Helga Meyer's life experiences have been so intense that the mere memory of them revives smells, sights and sounds. Her story is one of deliverance.
The Salt Lake City resident and German native has faced many trials during her life, including the death of loved ones, death threats, physical injury and scorn. Many of the challenges and the hope that followed them came as a direct result of her faith in The Church of Jesus Christ of Latter-day Saints.
Meyer's mother and grandmother joined the church in the town of Tilsit, which was then part of East Prussia and is now part of Russia. A family of members lived nearby and introduced them to the church. But her grandfather did not approve of the church, and her mother had to sneak out the window to go to Mmutual during the week.
Meyer, born Oct. 1, 1920, grew up being taught the gospel by her mother and grandmother.
"I had a very happy childhood, in spite of hard times, or the war," Meyer said. "I had a good youth. We as a family were a knitted family."
In school one day, Meyer had to identify her religion along with other information about her for her teacher. Her teacher scoffed at her faith, calling it "a sect and a bad one." The principal also came to the classroom to degrade her in front of all her classmates. The other children, too, began to persecute her for her beliefs, throwing rocks at her, spitting at her and wiping their noses on her coat. Through these experiences, Meyer never doubted nor denied her faith.
"(I held) my head high, because I loved my religion," Meyer said. "For some reason it did not make me feel bad. Inside, I was standing especially straight up."
She calls experiences like these "great ... because I loved the church."
This sentiment has kept Meyer fighting onward and doing so optimistically, despite the difficulties through which she has passed.
Meyer has suffered many deep losses in her life, including the death of her first husband, two brothers and cousin, all of whom died fighting in World War II. After the war ended, while nearly starving, Meyer saved scraps of food for her ill father. Lark Galli, Meyer's biographer, has noted her persistent optimism as she talks to Meyer weekly.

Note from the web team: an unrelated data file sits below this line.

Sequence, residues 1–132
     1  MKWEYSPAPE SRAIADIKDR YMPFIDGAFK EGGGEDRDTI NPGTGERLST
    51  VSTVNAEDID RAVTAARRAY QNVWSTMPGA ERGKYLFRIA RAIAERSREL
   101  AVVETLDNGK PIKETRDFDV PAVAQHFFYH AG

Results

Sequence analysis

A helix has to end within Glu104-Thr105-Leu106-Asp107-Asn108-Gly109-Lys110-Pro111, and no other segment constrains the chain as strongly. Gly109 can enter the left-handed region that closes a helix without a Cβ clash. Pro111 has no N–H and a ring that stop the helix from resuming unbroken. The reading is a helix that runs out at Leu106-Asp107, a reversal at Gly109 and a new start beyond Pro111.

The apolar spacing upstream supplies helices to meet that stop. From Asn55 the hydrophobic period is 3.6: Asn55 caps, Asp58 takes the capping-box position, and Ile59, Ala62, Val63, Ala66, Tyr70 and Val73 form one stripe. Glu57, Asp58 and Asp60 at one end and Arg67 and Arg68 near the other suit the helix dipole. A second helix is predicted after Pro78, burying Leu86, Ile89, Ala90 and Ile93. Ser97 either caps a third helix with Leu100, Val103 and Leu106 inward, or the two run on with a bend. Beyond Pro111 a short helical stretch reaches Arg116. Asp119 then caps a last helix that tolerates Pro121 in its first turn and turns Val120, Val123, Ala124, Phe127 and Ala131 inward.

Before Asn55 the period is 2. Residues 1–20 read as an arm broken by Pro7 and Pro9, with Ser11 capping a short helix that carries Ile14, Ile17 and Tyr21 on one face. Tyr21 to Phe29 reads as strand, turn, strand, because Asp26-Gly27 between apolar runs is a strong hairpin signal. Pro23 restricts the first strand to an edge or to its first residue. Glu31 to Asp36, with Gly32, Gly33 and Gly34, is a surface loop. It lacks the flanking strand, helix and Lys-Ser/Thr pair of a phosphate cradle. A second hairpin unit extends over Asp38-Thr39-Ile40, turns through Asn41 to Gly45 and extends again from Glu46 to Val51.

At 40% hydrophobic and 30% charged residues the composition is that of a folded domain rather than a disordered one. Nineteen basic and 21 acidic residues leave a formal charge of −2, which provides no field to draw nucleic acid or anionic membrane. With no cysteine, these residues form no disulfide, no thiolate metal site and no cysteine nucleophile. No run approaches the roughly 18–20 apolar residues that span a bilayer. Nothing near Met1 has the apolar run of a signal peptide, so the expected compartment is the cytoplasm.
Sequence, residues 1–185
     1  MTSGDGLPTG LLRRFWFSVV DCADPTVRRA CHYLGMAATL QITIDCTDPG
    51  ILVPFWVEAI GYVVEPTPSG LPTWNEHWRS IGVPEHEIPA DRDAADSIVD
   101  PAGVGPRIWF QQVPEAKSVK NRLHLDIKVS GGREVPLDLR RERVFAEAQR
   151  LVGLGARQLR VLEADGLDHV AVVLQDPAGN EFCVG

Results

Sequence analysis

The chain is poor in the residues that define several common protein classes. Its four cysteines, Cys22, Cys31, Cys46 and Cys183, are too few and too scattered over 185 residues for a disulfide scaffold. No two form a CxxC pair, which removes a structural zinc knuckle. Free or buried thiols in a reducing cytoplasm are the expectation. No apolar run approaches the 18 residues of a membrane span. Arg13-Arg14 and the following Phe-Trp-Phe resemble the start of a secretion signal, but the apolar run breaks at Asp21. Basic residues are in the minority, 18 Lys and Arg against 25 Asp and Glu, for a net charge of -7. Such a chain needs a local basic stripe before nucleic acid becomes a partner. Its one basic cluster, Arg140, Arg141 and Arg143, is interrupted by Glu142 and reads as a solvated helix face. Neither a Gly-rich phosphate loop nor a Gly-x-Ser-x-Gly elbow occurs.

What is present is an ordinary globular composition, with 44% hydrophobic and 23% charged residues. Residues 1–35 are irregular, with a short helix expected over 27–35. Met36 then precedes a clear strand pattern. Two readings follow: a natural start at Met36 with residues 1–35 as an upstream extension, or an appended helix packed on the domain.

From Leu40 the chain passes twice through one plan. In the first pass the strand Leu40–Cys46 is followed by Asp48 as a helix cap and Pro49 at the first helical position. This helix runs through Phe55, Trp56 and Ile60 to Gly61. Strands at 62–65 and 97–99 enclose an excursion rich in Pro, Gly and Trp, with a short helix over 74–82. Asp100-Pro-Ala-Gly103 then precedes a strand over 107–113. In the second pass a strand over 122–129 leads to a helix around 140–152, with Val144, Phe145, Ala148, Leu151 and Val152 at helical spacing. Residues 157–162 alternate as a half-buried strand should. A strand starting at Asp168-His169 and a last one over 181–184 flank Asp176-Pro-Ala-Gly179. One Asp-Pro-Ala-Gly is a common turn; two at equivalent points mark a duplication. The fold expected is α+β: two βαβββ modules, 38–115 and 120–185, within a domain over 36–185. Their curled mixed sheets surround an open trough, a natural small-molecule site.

"Her life could be put forward as a series of disappointments," Galli said. "I love the fact that she says her life has been everything she could have wished for. It's so paradoxical, and gets to the heart of the gospel."
The joy found in her life increased at the age of 10, when she was baptized. She had to wait until a large enough group of people was ready to be baptized. Members of her branch went down beneath a bridge on a quiet night where Meyer became a member of the church.
"That happiness has never left me. This is what makes me strong," Meyer said. "The joy just wanted to come out, and instead of walking along nicely to church that Sunday, I was hopping along because I was full of joy and happiness."
The losses came later.
Meyer married Gerhardt Birth on a Wednesday and he left for the war the following Sunday. She never saw him again.
"I really didn't want to get married after Gerhardt," Meyer said. "To this day I am a part of Gerhardt's family."
She married another man later, and they had five children: Nia, Siegfried, Heidy, Tini and Andreas, who passed away. Since her divorce years ago, Meyer was sealed, with her children, to her first husband, Gerhardt.
Meyer came to America with her children in 1959. She currently attends the Garden Park Ward and the German-speaking Douglas Ward every week in Salt Lake City.
Through times of trouble, Meyer has remained steadfast. Her experiences have left her with an unshakable conviction of the gospel.
"That is my greatest blessing I ever had, and still have: the knowledge that the gospel is true, that God is my Father in Heaven, and that Christ is my Savior and Redeemer."
Meyer, 87, recently visited Tilsit, which she had last seen in August 1944. She says she has long wanted to go to the home of her earliest memories, "only to cry (her) heart out."
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